I'm trying to connect a Win XP 32 bit formatted external HHD to my Win 7 64 bit desktop. The problem is that the external drive only has 2 communication ports - USB 2.0 and SATA (note it is pure SATA, **not** eSATA), and the USB 2.0 port has failed permanently. So the only way to access the external HHD is via the SATA connection.
I know the SATA connection on the external HHD works because I can read it using my laptop, which has eSATA portable card plus SATA - eSATA cable.
So I've plugged the SATA cable from the external drive directly into my MB SATA port (with power off), then turn on power to desktop. The desktop loads Win 7 just fine, but the external drive does not show up in disk management. In addition, when the external drive is connected my 2nd desktop HHD drive that I use for backup (formatted via Win 7 64 bit and physically located inside the desktop case) also disappears. It is not a drive letter mapping fault, neither the 2nd backup drive nor the external drive show up in disk management or device manager.
If I power down the desktop and unplug the external drive, then restart the desktop, my 2nd backup drive reappears fully recognized and mapped.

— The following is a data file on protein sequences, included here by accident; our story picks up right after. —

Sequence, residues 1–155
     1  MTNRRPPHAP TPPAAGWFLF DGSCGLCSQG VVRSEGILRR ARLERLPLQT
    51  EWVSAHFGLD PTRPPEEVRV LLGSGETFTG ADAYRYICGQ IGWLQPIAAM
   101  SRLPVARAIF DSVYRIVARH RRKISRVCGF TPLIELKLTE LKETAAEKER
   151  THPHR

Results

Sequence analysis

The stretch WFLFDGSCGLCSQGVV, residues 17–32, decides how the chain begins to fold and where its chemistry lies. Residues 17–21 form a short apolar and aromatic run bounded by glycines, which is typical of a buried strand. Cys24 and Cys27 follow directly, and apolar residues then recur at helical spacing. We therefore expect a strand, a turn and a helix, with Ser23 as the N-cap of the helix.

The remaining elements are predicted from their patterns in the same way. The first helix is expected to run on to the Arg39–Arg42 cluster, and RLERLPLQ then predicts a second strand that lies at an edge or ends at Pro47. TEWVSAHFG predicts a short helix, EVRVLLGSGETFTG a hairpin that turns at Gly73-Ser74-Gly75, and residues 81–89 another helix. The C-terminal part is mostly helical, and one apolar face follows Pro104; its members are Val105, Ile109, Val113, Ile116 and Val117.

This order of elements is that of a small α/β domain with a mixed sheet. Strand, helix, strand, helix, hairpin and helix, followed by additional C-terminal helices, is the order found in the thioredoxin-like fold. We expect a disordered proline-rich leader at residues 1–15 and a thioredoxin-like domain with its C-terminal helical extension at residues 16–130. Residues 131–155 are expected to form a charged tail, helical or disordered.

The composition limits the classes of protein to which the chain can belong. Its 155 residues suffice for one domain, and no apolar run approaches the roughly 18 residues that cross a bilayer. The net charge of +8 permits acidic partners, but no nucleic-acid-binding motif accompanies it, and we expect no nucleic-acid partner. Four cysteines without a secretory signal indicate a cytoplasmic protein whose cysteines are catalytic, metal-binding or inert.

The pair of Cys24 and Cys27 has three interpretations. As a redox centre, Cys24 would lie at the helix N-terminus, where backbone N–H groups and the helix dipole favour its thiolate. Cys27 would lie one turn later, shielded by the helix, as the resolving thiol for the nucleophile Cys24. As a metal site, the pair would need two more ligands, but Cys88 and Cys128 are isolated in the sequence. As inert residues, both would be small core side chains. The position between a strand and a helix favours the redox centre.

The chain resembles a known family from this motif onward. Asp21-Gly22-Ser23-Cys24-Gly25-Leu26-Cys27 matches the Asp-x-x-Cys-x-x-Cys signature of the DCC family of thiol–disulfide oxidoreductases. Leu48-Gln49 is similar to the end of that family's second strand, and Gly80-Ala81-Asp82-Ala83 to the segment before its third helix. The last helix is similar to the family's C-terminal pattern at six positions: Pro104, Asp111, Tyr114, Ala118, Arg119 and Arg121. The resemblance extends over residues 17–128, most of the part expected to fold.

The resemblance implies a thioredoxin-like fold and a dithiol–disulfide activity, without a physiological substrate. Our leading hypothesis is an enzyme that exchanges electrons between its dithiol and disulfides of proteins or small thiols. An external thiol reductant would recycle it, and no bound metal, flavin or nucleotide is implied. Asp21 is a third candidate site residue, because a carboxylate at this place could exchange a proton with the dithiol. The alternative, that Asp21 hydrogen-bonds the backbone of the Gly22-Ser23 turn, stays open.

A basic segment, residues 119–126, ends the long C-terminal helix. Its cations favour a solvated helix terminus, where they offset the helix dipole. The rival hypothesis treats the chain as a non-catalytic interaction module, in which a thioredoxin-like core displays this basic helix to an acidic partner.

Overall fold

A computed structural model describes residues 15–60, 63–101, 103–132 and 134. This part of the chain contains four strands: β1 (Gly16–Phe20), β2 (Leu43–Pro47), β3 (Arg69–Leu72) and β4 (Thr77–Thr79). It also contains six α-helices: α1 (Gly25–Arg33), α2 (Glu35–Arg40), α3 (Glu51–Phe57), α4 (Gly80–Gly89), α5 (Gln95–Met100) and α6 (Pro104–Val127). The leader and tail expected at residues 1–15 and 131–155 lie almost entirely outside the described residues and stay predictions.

I have another Win XP 32 bit formatted drive I'd like to place into the desktop in order to use it as a slave for data purposes (note that this drive has the Win XP OS installed on it). I'm not looking to dual-boot this drive, I simply want to access the data within Win 7.
My question is whether Win 7 can read Win XP 32 bit formatted drives at all? It doesn't seem to be able to recognize them. And if so, how do you get them recognized and can they be read as slaves with a Win XP OS installed on them?
I'm used to being able to physically flip a slave switch with the old IDE drives, but it seems like with SATA you have to hope the software just figures out what you want to do based on the BIOS boot order.
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Windows 7 64 bit or 32 bit can read drives from xp or vista...the format is not the issue. There is a conflict between your internal drive and this external one. As far as putting another drive internally, if your machine has space and connections, and a big enough power supply, then you should not have an issue.
When you say it isn't being seen, is that just in my computer? If so, please check in the Device Manager and see if all drives show. If they do, go into disk manager and assign a drive letter to each drive.
If you can't them all in device manager, try disconnecting the internal data backup drive and plug the external one in. Check and see if you can see it in Disk Manager.